Conceiving Family: balancing heart with head
|Written by Mark Robins|
|Wednesday, 08 June 2011|
It would probably come as no surprise that as a filmmaker, when Amy Bohigian and her partner Jane Byers first decided to adopt, Amy would document the experience on film. But what might be surprising is that it wasn't until a year after their adoption was complete that the idea of making a documentary based on that experience, and that of four other British Columbia same-sex couples, took shape. Now complete, Bohigian's documentary Conceiving Family will see its Vancouver premiere at a screening on June 24, 2011 at The Cultch.
Perhaps some will see it as a subtle difference but for Bohigian capturing their personal adoption experience as parents, rather than as a filmmaker, is what she says helped to make the film more authentic.
“That distinction gave me the space to be more present for each step along the way – making the initial decision to adopt, meeting the kids and bringing them home,” explained Bohigian. “Of course, I pulled out my little camcorder, but I did this from the perspective as a new parent rather than as a filmmaker. As a result, the footage is very authentic and in the moment. It wasn’t until a year into parenting our children that I decided to make a film from the footage I had shot of our experiences and to capture the stories of other gays and lesbians.”
With the help from the Adoptive Families Association of British Columbia, who were partners in the project, a call went out looking for other same-sex couples to be part of the film.
“The people that came forward were willing to participate and each one had such a compelling and unique story to add to the film.”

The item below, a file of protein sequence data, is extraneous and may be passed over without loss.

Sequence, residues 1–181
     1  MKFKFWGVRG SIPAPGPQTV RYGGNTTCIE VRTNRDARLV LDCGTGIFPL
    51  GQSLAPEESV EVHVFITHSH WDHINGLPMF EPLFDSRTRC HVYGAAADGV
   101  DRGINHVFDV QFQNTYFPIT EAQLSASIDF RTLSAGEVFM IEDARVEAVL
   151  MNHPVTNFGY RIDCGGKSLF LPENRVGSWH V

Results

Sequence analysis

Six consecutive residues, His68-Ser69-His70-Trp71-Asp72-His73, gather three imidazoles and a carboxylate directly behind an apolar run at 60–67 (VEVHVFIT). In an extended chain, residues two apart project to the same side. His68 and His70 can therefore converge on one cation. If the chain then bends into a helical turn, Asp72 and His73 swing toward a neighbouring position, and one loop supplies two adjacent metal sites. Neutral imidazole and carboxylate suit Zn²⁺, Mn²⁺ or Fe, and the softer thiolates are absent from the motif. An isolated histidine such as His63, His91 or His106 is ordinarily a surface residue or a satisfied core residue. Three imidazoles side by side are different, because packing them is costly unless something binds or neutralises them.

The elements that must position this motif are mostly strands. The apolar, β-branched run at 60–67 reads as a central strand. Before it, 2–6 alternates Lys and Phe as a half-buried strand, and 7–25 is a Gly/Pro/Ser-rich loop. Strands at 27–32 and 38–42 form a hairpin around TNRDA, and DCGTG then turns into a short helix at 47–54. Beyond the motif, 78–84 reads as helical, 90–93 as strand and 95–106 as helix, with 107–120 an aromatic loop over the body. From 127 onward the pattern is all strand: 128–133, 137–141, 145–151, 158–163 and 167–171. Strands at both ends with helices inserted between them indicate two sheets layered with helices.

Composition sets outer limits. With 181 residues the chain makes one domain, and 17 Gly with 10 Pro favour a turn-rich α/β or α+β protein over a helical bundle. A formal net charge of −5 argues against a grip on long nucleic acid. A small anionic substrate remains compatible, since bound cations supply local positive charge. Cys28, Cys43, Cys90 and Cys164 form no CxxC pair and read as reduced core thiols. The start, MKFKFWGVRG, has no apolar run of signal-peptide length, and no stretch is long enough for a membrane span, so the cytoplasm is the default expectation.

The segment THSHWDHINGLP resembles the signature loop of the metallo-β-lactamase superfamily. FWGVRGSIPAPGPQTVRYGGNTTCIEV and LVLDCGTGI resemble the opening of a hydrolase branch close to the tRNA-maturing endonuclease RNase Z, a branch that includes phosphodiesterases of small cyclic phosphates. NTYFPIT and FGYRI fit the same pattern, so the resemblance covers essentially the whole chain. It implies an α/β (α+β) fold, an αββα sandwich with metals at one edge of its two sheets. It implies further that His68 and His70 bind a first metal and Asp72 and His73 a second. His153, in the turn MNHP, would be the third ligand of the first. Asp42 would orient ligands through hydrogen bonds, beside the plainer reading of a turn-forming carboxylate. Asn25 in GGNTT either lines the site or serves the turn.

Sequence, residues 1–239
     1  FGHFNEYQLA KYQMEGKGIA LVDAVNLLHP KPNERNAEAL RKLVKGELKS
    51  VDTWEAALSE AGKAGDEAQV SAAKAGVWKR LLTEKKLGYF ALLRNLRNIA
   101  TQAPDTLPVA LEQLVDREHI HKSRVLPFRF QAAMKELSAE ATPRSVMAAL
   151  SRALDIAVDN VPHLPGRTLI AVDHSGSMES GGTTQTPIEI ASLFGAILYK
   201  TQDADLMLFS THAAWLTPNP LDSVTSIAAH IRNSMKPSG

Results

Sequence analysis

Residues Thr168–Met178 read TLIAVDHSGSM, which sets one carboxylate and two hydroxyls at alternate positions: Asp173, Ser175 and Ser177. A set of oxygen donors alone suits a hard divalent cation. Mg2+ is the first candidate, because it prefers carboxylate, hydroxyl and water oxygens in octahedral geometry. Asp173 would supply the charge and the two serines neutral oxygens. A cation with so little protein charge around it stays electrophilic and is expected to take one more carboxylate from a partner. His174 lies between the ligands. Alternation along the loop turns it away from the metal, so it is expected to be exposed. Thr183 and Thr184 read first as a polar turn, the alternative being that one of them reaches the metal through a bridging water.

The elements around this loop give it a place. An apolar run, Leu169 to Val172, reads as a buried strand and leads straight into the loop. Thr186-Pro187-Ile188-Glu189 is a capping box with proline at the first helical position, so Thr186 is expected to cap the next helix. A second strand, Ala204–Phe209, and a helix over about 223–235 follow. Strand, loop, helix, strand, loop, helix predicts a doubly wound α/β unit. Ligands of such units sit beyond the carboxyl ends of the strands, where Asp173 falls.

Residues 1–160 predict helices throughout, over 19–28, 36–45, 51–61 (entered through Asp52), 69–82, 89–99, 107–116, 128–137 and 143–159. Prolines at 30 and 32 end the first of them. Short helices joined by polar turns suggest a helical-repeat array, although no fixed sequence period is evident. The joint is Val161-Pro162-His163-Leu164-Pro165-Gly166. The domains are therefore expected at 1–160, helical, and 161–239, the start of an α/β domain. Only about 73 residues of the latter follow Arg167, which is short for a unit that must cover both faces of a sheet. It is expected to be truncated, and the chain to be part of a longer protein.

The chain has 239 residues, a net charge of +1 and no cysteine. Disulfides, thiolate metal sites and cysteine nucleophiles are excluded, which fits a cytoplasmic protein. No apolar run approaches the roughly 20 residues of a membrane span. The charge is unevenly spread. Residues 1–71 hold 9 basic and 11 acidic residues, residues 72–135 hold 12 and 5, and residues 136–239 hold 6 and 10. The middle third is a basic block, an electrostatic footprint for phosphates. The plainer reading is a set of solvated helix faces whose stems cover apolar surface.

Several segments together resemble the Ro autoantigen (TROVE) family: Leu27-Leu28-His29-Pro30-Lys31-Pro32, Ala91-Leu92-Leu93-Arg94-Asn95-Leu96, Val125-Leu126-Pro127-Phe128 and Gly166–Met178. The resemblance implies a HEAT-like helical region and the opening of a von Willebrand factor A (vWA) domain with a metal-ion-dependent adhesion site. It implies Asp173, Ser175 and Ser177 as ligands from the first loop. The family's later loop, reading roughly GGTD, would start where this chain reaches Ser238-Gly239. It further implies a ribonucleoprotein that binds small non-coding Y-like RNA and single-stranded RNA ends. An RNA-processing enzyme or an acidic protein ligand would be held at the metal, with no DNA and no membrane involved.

Answering that call were long-term partners Jan and Lindsey found their twin baby girls at a Romanian orphanage; Daryl and Ian whose first adoption fell through because the birth grandparents did not want a same-sex couple adopting but were successful the second time when they are matched with their son Oliver; Colleen and Tammy with their adoptive daughter Kelly; and Jim and Ted who adopt five-year old Damien.
Bohigian and her partner’s personal adoption story is one of patience and perseverance. Not only did they wait five months between finding out they were potentially able to adopt and meeting the children but had to deal with the Christian Fundamentalist foster parents who were looking after the twins.
“The social worker had the patience to work through their fears and brought us together for a meeting where were we asked what we would do if our kids grew up to be straight”, said Bohigian.
Not sure if the face-to-face meeting had the desired outcome, Bohigian described the wait for the final decision as painfully long.
“The social workers from the Ministry of Child and Family Development were amazing in every stage,” said Bohigian. “They’re in an impossible situation with caseloads way too big for one person. So, while we adults can cope with the waiting period, the kids in the system are going longer and longer without a permanent home, which is a disservice to them.”
It is in that long wait where Bohigian found the impetus for the film: “I wanted waiting kids to find loving homes. With so many gays and lesbians looking to start families, I am hoping that adoption becomes the first choice for many of them.”
For those same-sex couples looking to adopt, Bohigian is quite pragmatic: “talk to a range of others who have adopted to get a real sense of the process. Be real with yourself about what type of child you can parent. Balance your heart and head when making your final decision.”